Back to Basics: The State of Philippine Basic Education
In 1925, the American colonial government evaluated the Philippine educational system and one of its significant findings was that Filipino children were behind in reading skills compared to their American counterparts. This was understandable given the fact that the English language was a second language to Filipinos, although it was first taught by Thomasites or mostly by teachers who were native speakers.
More than half a century later, the problem of inadequate reading skills of Filipino students is still seen, as woefully stated by Br. Andrew Gonzalez, FSC, in his paper titled, ?Philippine basic education 1999-2004: Analysis, recommendations, and plans.?
He ventured to add that there have been numerous sociological changes that occurred between the 1920s to the present, one of which is English becoming more of a foreign language.
Until now, Filipino as the national language is still struggling to gain a firm foothold by being recognized as the primary medium of instruction in schools. This seeming ambiguity may have a negative effect on the development of functional literacy and education among Filipino children. However, language policy and practice alone are not the culprits for such a decline in education or, as Gonzalez puts it, ?? the continuing erosion of achievement in the system.?
He cited other key problems that hinder the smooth turning of the gears and levers of the Philippine educational system, such as population increase, lack of resources, poor management of schools, and lack of proper preparation of teachers in content and in the methodology of teaching English. Weakness indicators have lit up like ubiquitous neon signs in the past years. Examples of these were the Survey on the Outcomes of Elementary Education (1976), the Bilingual Education Survey Evaluation (1988), and the NEAT and NSAT (NETRC) test results by region. Other indicators Gonzalez points out are the International Mathematics and Science Study tests given periodically. In these tests, Filipino students more often than not land at the bottom rung, particularly in the area of science.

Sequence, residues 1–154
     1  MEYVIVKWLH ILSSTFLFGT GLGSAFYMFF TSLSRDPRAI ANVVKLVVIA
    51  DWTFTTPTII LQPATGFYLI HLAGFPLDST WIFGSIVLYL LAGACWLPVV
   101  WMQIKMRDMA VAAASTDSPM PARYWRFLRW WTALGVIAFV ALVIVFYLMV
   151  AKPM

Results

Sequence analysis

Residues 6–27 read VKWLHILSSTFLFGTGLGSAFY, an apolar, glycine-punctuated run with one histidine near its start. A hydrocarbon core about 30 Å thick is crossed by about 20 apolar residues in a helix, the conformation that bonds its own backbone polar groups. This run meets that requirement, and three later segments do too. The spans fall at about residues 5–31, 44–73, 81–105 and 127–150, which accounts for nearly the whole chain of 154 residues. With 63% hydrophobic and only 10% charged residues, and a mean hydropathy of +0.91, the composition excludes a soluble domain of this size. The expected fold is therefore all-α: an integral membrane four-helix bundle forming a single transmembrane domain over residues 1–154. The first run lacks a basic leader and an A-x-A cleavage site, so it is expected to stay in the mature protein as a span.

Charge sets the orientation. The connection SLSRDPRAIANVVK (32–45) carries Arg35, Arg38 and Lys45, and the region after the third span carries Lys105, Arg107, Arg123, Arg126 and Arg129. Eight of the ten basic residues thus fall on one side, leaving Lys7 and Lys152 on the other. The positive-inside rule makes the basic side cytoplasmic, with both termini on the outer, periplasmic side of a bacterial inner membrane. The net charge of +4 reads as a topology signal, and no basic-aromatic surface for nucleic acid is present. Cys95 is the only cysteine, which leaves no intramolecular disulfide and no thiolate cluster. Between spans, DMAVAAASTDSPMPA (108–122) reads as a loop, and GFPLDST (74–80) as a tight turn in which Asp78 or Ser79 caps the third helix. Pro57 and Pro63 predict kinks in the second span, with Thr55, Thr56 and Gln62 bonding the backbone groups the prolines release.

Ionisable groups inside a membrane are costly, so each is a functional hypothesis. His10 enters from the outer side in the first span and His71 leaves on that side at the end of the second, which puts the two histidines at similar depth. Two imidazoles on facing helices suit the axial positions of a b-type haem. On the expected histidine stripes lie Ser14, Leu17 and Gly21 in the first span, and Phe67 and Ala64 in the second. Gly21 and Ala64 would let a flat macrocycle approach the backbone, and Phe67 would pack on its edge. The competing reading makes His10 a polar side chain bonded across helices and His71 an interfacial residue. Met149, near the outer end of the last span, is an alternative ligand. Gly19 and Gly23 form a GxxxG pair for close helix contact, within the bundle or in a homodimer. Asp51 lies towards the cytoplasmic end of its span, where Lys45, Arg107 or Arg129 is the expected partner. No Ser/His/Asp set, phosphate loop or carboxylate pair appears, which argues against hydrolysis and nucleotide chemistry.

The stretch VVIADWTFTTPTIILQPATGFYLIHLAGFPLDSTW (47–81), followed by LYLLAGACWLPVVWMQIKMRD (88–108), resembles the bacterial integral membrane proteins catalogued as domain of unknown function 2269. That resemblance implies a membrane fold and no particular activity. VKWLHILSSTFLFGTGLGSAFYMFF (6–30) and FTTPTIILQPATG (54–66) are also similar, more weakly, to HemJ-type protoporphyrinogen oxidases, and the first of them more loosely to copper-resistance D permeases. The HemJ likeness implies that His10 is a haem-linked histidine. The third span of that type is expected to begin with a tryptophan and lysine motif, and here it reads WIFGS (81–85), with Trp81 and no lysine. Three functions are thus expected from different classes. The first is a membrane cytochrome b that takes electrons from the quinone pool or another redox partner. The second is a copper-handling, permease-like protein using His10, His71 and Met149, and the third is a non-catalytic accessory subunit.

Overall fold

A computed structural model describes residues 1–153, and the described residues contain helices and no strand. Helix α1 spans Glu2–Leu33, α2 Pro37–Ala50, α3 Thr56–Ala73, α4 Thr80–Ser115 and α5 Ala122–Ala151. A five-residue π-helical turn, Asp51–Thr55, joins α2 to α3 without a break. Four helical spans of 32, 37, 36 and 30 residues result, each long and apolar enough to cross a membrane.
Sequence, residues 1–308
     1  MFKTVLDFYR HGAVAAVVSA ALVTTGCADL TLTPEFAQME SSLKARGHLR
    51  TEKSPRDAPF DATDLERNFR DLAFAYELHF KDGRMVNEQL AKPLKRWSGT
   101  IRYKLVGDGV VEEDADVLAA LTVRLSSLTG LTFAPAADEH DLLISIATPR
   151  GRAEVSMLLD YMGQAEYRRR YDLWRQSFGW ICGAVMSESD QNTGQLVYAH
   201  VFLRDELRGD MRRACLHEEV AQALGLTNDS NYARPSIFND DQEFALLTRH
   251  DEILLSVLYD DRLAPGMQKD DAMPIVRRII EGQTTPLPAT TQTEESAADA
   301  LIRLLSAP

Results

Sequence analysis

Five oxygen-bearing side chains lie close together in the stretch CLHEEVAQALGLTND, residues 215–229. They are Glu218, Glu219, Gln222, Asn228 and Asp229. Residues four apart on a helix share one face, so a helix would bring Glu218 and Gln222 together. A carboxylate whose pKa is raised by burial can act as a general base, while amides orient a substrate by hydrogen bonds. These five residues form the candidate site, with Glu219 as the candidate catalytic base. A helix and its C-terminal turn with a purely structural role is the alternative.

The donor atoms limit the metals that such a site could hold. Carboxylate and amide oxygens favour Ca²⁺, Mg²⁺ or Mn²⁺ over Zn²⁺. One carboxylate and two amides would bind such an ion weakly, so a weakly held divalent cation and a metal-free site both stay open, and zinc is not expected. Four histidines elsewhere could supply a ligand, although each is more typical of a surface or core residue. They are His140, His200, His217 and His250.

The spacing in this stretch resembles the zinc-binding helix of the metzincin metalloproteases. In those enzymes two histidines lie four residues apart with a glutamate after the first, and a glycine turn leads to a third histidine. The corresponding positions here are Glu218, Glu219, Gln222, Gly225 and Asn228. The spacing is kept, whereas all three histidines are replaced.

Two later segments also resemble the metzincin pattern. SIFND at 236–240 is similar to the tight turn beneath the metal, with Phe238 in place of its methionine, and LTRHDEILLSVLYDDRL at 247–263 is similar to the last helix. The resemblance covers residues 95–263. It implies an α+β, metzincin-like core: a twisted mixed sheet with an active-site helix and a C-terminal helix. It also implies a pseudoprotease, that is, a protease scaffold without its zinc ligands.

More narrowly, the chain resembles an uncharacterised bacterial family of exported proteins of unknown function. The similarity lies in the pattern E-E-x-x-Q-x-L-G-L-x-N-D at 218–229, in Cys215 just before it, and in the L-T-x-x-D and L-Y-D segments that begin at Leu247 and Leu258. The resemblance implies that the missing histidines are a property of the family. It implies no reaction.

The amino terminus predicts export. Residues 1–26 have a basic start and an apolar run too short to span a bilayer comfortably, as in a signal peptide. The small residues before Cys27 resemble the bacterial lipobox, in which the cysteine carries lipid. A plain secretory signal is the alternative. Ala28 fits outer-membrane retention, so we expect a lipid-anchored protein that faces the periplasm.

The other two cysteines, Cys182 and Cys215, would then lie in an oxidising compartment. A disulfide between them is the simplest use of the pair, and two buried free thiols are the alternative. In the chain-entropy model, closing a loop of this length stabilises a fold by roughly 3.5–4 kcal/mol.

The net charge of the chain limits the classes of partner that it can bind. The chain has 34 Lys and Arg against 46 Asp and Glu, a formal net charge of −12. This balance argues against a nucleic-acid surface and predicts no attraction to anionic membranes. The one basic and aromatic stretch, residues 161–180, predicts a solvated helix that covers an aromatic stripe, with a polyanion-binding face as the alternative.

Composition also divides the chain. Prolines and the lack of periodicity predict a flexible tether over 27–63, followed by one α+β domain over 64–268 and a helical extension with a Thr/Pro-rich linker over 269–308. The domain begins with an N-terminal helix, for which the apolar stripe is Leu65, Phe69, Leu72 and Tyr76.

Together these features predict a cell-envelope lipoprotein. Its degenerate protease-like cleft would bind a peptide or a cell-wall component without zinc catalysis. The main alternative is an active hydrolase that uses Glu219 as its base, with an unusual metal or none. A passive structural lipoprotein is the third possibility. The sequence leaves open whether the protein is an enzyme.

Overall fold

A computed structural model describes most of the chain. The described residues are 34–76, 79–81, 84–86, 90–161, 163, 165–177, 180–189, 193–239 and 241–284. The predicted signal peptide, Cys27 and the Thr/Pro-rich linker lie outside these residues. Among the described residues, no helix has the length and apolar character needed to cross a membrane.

Another perennial problem experienced by the educational system is the steady rise of the population of students to be educated. With the rate of 2.3 percent in the annual population growth, the sheer number alone of warm bodies who go to school every year place a huge strain on the allocated education budget as seen in the shortage of classrooms, teachers, textbooks, and science equipment. Gonzalez also rues the present poor teaching conditions, very much apparent in public schools, and more so the poorly prepared teachers churned out by more than 500 colleges of education in the country. …